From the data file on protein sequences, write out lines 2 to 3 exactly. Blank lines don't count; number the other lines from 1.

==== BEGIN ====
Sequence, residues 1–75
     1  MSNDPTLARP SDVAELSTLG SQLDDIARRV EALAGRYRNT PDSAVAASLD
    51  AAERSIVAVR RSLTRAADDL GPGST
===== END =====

     1  MSNDPTLARP SDVAELSTLG SQLDDIARRV EALAGRYRNT PDSAVAASLD
    51  AAERSIVAVR RSLTRAADDL GPGST